Imagine the Future; the art of forecasting can be useful not only for corporations but also for individuals

Corporations are used to think about the future. They put effort in understanding the different trends, identify various scenarios and have a concrete plan for each of them.

They usually have a base case scenario (the most likely one to happen) and also consider the best (better than expected) and worst case (worse than expected) . This exercise enables them to do the thinking and planning early, to decide where and how much to invest and then they focus on execution (in other words what they can control).

This technique can be useful at a personal level too. Instead of worrying about the future (especially during these uncertain times), it will be more useful if we channel our energy in imaging it.

This is not an exercise about predicting the future but about thinking what scenarios are probable. (There is an important distinction between probable and possible. Probable is what is likely to happen; possible is what might happen but it is not ce rtain. For example, although it is possible for me to win the lottery, it is not probable.).

Think what is likely to happen and use this as your base case scenario. Then, imagine how the situation could be better than expected and also worse. In this way, you will be better prepared..

In general, this exercise is not about fortune-telling, it is about forecasting.

As an example, let’s imagine when the virus will be under control and life will be normalised (albeit a slight different normal).

It is expected that effective vaccines will be available mid-2021. Hence, many people will be vaccinated by the end of 2021 (at least in the Western world) which will allow us to go back to normal activities (base case scenario). If vaccines are ready by the end of this year, then we might expect the situation to be under control from mid 2021 (better case scenario). If it takes longer to get an effective vaccine or there are manufacturing bottlenecks, then we may have to wait until mid-2022 (worse case scenario).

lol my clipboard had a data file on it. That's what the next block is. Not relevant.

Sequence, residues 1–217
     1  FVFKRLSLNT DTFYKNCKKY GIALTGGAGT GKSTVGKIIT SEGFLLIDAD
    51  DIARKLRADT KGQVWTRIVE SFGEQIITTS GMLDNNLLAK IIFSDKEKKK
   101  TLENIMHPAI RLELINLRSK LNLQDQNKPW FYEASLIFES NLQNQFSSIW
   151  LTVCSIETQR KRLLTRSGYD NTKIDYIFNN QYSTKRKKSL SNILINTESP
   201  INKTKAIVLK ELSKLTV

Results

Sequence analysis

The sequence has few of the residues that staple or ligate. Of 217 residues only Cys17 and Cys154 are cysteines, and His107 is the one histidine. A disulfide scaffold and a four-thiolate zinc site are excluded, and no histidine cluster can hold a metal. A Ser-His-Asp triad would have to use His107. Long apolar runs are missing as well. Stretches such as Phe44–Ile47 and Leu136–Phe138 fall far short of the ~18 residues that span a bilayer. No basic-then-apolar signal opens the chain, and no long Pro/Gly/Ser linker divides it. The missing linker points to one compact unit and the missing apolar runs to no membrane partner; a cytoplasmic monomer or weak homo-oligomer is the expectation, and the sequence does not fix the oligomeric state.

By imagining these scenarios, we are in better position to prepare for them. Instead of worrying about what might happen, we move to think about what we can do which is within our control.

Get into the habit of imagining how the future would look like. It might feel a bit awkward at the beginning. Like everything else, the more you do it, the better you become at it.

I personally prefer to do this exercise with friends. It is fun (my kind of fun at least!) and the input from others usually helps me to refine my thoughts.

Why you need to care: The forecasting technique that is widely used by corporations can be very useful for you too. The more you learn to visualise the future, the more you learn to focus on what you can control. Fear of the unknown will be replaced by action.

I started the b4iapply blog because I passionately believe in empowering people to make informed decisions about their career, their finances and other societal topics that affect all of us directly or indirectly. I only share my views and I aim to be balanced, constructive and solution-oriented.

I started the b4iapply blog because I passionately believe in empowering people to make informed decisions about their career, their finances and other societal topics that affect all of us directly or indirectly. I only share my views and I aim to be balanced, constructive and solution-oriented.

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1 Response to Imagine the Future; the art of forecasting can be useful not only for corporations but also for individuals

  1. Pingback: 10 predictions about how the “New Norm” would look like | b4iapply

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